Kenny Dalglish needs another year at Liverpool, says Gerard Houllier
League Cup success demonstrates Liverpool are back on track, claims former Anfield manager
Gérard Houllier has said that no amount of cup success will quell the "obsession" with the league championship at Anfield but insisted that Kenny Dalglish needs at least another year to make a success of his second tenure as Liverpool manager.
The Frenchman, Liverpool manager from 1998 to 2004, said there is "too much expectation" around Anfield but reflected also on the way that managers' reputations diminish too abruptly in football. "In football, you can go from the attic to the basement very quickly so one day he is the hero and the next day he is the zero," Houllier said. "You have to be careful. Liverpool need another year to kick in. They have had a lot of recruitment done and a lot of problems, so give him some time. There was a time when David Moyes was criticised and Arsène [Wenger] was criticised – see where they are now. It is a rollercoaster. They won the League Cup the same way we did in 2001. It is a good sign for the future. I think he is heading in the same direction, just give him some time."
Only Wolves have taken fewer Premier League points than Liverpool since 1 January and Dalglish's haul of eight from a possible 33 in 2012 is less than the total managed by predecessor Roy Hodgson in his last 11 games.
Rafael Benitez, who would consider an approach from Chelsea if one arrived this summer, did not rule out one day returning to Liverpool. "I'm professional and I am looking for a new job. At this time Kenny is the manager and I have a lot of respect for Liverpool," he said. "No rush. If Kenny retires in 10 years' time and I am available I would be really pleased."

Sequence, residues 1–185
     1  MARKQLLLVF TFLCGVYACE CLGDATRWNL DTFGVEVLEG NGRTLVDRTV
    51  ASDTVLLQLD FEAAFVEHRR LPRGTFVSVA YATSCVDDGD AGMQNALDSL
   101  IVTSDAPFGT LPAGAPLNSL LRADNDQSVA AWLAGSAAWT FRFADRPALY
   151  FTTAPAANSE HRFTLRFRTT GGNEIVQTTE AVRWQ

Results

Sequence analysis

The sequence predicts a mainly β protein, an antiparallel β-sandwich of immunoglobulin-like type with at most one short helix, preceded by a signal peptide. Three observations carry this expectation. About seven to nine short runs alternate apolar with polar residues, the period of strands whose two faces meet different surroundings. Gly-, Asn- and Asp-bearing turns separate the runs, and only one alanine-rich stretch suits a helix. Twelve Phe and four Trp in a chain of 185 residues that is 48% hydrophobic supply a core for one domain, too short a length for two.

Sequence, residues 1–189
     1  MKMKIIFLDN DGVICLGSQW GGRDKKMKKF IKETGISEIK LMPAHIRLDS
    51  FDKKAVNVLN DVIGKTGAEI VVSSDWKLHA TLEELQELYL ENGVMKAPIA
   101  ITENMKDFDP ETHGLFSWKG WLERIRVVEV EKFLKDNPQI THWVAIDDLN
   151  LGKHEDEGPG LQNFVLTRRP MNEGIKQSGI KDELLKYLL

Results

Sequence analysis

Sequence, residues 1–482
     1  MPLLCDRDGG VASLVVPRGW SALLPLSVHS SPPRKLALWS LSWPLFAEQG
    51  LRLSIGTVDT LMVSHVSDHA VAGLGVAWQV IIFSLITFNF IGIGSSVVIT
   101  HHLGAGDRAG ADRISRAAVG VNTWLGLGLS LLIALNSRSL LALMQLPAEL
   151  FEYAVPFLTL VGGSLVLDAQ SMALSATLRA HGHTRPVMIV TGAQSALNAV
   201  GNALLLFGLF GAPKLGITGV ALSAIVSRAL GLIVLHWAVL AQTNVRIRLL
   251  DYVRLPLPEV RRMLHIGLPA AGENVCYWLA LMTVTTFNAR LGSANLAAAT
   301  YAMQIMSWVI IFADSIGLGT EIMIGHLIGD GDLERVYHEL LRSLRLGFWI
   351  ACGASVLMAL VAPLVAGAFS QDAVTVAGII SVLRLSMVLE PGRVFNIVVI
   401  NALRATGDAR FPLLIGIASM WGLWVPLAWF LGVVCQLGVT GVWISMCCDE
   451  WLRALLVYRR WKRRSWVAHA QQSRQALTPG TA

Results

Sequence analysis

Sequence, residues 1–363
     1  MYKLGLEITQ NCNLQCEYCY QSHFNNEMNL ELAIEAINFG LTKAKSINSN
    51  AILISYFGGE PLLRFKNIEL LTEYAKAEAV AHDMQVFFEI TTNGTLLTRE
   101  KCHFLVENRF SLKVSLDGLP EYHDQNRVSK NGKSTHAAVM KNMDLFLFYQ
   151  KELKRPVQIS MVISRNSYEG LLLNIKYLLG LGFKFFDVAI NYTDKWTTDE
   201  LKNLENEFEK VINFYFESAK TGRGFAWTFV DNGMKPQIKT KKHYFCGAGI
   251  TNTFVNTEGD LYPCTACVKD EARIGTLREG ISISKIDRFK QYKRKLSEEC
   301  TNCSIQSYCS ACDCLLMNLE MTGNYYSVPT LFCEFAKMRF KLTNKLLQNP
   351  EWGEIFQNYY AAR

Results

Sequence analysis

Benitez said Liverpool's greater stability under Fenway Sports Group – something he lacked under Tom Hicks and George Gillett – would help Dalglish. "They have to carry on, keep going. He has the support of the owners and that is the key thing if they want to do things in the future," the Spaniard said. "The bad thing [at the end of Benitez's time at Liverpool] is that the owners were not the right owners. You could see things were changing and we had less money. But Kenny has the owners and that is really positive."
Houllier said he was not interested in the new Football Association technical director's role but claimed that whoever was appointed must be able to handle the difficult relationship with Premier League managers. He said that the new National Football Centre at Burton-upon-Trent, which opens for the start of next season, could enhance England's chances of competing for trophies. But he, Benitez and the England caretaker manager Stuart Pearce all pinpointed the lack of football for 18- to 20-year olds at the top of the English game as a real problem – with a reserve division being one solution.
"In England you lose a lot of players between 18 and 21. The two countries who are failing [in that respect] are England and Italy. I knew one or two players at Aston Villa who didn't have enough games to play at the top level. Between 18 and 20 there is nothing," Houllier said.
"In France when they don't play on a Saturday they can play for reserves the following day. If you want to be a successful technical director, you need to have the clubs with you. So going to see all the Premier League coaches is vital."
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